Time goes, you say? Ah, no! alas, time stays, we go. –Henry Austin Dobson
I’VE RECENTLY BEGUN TO ASK MYSELF IF I AM RUNNING OUT OF TIME. During the play Hamilton, the hip-hop version of the life of American statesman Alexander Hamilton, I was struck by the lyrical thread that Hamilton’s vociferous writing and work ethic made him seem like a man running out of time. The notion of running out of time struck an emotional chord with me and surfaced feelings I hadn’t reconciled.
I wasn’t always a person in a hurry, but after becoming the mother of five children, my sense of time passing naturally accelerated. My friend Anthony’s response to my complaint of a shortage was, “the time you have is the same time everyone has, it’s all in how you decide to use yours.”
Several years ago, comparisons of, “the older you get, the more you look like your mother,” were flattering. My mother at 70, 80 and heading into her 90’s was a stunner of an older woman, she still is. She has a magnificent face and trim figure. Mom was a devoted member of a thriving megachurch, a hospice worker, volunteered at a local hospital and later in life remarried to a man that had been a part of our lives since my sister and I were children. To me, she had it all. I was flattered by the comparison.
And then slowly things changed. Mom wrote out the recipes for two of her signature southern dishes, peach cobbler, and creole gumbo, and passed them along to family members. Was she passing the torch? Then, she stopped cooking completely, saying she was simply tired of cooking. Something had changed.
Confirmation that Mother was not herself came while booking hotel rooms for the Chicago branch of the family to attend my youngest daughter’s wedding in Michigan. Mother flatly announced that she would not be attending! I was hurt, my daughter was hurt, we couldn’t understand why she would refuse to attend her granddaughter’s wedding, but nothing could make her change her mind.
My son-in-law had filmed the wedding and once it was edited, I prepared a lovely Sunday Brunch and invited mother and her husband Wayne over to watch. Mother was distracted and disinterested, but the jarring fact came when she did call out a name in recognition and I realized she called out the wrong name. I watched devastated that mother no longer recognized many of her grandchildren and family members. Clearly, she had noticed her memory loss and had refused to attend a wedding that would place her in a room full of strangers. I knew intuitively that my mother was suffering from dementia. The official diagnosis would come later.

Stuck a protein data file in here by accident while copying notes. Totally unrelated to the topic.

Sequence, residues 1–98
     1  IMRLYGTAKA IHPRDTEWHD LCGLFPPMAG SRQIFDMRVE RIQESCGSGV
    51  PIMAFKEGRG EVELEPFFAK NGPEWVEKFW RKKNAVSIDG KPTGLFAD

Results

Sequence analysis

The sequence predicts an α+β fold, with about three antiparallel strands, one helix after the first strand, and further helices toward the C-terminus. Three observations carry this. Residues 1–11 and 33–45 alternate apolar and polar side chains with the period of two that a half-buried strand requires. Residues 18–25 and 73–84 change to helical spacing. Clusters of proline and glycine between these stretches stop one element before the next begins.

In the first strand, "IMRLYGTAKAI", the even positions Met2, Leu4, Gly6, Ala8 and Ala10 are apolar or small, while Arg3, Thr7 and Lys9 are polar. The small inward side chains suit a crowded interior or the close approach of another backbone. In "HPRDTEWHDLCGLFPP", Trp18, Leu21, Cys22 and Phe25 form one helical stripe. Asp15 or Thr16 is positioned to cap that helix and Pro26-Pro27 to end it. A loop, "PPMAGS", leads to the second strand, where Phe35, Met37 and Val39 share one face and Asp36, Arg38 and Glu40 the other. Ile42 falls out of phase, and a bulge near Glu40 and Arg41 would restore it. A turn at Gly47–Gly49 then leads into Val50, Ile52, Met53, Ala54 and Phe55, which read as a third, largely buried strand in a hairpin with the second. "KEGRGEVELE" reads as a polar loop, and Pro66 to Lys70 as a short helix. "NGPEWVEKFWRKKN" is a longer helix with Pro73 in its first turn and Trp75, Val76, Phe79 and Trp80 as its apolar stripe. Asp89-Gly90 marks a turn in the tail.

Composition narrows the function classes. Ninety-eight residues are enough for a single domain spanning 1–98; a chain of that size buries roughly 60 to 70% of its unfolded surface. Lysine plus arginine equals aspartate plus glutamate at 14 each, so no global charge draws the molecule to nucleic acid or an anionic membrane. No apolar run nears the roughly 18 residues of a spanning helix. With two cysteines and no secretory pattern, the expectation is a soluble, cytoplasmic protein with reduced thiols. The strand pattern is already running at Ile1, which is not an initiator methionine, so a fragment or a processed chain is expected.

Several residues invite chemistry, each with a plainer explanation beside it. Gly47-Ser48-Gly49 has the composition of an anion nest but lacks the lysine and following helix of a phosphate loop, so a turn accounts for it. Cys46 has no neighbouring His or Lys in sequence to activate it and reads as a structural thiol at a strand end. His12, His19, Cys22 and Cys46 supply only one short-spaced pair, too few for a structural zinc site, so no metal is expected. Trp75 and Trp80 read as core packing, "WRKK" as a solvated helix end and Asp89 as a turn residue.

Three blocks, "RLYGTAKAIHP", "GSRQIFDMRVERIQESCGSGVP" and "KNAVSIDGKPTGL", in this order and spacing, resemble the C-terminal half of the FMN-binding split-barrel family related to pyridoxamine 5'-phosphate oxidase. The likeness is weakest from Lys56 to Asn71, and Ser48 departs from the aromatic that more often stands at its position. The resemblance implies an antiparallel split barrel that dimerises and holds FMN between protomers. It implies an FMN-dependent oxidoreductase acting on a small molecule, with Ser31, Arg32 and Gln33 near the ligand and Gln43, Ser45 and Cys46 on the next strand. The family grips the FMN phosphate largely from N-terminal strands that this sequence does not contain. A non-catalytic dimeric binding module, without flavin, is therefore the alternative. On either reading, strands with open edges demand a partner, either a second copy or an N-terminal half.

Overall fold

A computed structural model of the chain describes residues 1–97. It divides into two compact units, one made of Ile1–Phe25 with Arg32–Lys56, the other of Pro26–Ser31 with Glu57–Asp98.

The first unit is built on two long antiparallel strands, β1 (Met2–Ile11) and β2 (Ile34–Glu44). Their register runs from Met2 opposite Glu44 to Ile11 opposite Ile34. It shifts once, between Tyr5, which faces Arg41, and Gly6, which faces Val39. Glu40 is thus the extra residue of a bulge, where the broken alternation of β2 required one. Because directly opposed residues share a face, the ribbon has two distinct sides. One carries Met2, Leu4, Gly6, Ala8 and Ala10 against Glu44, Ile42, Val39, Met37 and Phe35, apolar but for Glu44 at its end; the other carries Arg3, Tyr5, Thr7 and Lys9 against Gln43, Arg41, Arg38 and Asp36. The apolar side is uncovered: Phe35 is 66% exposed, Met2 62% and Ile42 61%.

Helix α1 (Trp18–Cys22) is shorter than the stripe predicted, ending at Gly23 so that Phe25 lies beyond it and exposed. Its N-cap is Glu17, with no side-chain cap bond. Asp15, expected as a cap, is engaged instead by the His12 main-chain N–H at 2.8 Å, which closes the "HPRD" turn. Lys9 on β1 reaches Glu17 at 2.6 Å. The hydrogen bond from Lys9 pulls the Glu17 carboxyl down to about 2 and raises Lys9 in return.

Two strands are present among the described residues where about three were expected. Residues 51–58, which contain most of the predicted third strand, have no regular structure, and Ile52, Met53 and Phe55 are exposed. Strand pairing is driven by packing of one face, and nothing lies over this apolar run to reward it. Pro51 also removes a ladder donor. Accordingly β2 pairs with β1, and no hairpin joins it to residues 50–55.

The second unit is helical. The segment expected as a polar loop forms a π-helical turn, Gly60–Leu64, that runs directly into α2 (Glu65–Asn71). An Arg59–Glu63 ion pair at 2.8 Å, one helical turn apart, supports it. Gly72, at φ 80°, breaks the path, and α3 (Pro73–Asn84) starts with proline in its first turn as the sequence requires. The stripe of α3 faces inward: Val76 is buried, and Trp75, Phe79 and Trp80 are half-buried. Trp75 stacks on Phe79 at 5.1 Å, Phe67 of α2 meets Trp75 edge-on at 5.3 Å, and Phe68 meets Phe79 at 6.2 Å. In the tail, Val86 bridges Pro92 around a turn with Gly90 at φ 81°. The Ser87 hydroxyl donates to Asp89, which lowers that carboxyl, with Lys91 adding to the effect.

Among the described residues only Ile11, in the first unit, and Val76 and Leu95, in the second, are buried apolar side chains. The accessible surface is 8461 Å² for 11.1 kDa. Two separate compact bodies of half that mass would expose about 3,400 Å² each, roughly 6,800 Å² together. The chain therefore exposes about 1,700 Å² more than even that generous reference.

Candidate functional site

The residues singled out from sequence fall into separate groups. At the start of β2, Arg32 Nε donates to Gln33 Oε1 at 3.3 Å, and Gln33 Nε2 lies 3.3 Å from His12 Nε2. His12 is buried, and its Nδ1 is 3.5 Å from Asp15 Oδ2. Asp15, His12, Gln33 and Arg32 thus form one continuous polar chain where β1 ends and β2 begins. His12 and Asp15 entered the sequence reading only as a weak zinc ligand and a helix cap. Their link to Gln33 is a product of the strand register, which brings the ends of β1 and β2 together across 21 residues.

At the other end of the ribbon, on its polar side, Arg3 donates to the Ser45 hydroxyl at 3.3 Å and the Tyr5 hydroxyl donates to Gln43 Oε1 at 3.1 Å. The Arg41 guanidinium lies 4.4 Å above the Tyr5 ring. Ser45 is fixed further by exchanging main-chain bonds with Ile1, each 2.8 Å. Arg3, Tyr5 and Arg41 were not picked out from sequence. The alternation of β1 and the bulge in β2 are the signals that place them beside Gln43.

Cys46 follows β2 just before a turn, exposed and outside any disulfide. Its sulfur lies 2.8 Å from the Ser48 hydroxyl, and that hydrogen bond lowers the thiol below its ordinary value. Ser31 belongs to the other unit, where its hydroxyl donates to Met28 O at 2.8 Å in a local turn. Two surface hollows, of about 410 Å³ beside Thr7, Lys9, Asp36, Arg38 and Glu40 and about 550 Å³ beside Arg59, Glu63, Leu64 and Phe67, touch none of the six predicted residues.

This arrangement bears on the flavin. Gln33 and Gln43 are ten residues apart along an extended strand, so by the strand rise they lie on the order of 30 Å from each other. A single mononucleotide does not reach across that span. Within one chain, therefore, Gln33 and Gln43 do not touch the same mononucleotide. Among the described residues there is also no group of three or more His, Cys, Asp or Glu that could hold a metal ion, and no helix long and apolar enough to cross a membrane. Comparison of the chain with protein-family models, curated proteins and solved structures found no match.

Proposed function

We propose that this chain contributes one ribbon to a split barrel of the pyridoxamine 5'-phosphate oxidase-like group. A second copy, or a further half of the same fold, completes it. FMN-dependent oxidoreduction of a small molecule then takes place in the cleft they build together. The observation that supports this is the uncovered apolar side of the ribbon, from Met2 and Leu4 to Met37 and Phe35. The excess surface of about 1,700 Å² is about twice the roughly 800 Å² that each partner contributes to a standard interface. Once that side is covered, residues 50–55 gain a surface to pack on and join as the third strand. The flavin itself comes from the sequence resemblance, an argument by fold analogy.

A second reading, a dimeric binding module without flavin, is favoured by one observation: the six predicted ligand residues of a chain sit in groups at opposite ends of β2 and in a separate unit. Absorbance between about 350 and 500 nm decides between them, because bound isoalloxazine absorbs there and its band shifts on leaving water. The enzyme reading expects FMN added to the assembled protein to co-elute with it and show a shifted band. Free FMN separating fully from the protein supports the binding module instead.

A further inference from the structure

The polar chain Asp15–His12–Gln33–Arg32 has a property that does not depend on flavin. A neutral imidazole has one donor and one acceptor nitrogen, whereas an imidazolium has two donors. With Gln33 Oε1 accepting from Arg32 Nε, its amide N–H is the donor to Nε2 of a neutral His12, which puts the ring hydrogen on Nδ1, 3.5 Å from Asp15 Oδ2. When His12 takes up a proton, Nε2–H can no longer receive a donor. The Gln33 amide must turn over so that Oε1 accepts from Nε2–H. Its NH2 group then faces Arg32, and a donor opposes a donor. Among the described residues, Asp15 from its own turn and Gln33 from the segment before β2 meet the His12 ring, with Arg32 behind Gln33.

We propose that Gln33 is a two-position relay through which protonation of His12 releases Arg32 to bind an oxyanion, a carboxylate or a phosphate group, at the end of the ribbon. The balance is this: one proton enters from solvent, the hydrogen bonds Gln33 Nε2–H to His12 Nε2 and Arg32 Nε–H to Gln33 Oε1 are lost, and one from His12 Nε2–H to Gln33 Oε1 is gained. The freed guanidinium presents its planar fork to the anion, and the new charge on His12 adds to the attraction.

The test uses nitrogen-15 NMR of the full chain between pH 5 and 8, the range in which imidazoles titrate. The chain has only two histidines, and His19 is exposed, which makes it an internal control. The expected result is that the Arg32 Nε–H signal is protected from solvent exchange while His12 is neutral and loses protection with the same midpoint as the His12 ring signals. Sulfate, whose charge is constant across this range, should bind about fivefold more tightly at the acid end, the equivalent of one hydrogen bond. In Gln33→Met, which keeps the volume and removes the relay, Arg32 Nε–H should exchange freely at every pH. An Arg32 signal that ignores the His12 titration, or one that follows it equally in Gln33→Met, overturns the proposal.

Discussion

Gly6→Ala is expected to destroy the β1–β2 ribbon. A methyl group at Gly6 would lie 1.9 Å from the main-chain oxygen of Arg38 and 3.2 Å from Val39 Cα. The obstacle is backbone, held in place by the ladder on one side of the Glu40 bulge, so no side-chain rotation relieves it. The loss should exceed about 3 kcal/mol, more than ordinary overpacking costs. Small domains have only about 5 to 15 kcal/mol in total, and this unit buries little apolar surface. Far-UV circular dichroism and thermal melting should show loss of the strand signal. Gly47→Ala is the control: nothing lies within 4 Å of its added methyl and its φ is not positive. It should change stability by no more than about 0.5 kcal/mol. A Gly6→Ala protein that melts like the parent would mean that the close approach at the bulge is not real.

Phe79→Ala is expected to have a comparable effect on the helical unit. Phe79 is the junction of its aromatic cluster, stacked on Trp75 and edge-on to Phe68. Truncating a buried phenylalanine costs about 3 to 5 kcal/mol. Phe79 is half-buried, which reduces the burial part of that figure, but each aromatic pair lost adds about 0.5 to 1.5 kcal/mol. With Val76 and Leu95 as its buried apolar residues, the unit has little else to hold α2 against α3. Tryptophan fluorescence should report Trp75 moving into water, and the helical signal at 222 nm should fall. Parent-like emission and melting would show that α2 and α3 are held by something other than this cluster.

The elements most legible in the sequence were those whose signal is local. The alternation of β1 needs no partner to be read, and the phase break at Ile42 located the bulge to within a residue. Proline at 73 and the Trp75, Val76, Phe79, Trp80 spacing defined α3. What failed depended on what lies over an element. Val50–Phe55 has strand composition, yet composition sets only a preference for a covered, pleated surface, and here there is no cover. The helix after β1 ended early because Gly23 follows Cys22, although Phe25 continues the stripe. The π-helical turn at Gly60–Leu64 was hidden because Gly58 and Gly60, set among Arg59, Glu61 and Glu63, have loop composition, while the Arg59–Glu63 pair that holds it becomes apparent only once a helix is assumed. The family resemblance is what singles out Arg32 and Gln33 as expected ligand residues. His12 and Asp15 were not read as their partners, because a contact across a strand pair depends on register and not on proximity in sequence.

My mom is physically a pretty healthy 94- year-old woman. And despite dementia and severe vision loss, she is a gracious and gallant woman. I marvel at her strength amid this adversity. In a way, she is teaching. But the reality of Alzheimer’s and glaucoma have caused me to dread comparisons. I wonder if I will finish the books that I want to write, make the impacts I’d like to make in my grandchildren’s children’s lives, travel to the countries I’d like to visit?
It’s ironic that after postponing many things in my life until I “retired,” that the writer’s chief tools, the imagination, the brain, the perhaps even the gift of sight might be taken away by disease.
I wonder how others with genetic predispositions to diseases like the breast cancer-related BRCA gene or Lou Gehrig’s disease, or other genetic markers for serious diseases adjust their expectations of longevity. Do they also prepare inwardly for the possible onslaught of a disease?
I aspire to match this fear with faith and to strive for optimum health. I further commit to loving my family, doing whatever I can to enjoy my life and to passionately continue to write. And yet, I respect the feeling of “writing like I’m running out of time” because I just might be.
For those who say, everything is in God’s hands, I say, yes it is, but I do have the right to ask. It is written in Matthew 7:7 Ask and it will be given to you; seek and you will find; knock and the door will be opened to you. I need time. I am asking!
Susan D. Peters
Susan D. Peters, aka, Ahnydah (ah-NIE-dah) Rahm, brings a wealth of experience gained as an expatriate living in West Africa. Her memoir Sweet Liberia, Lessons from the Coal Pot, received the Black Excellence Award for Non-Fiction from the African American Alliance of Chicago and the Mate E. Palmer award for Non-Fiction from the Illinois Press Women’s Association. Broken Dolls, Susan’s second book, represents her foray into the mystery market and is the first of a series featuring Detective Joi Sommers as its heroine. Her most recent publication is Stolen Rainbow, a short story focused on the post combat recovery of a beautiful marine captain after a devastating combat injury. Her work is featured in three anthologies, Baring It All, the Ins and Outs of Publishing, Signed, Sealed, Delivered … I’m Yours, a contemporary romance anthology, and The Anthology of the Illinois Woman’s Press Association. Buy her books online and at www.SusanDPeters.com.
Timepiece monument By Florin Huluba – Own work, CC BY-SA 4.0, https://commons.wikimedia.org/w/index.php?curid=73275572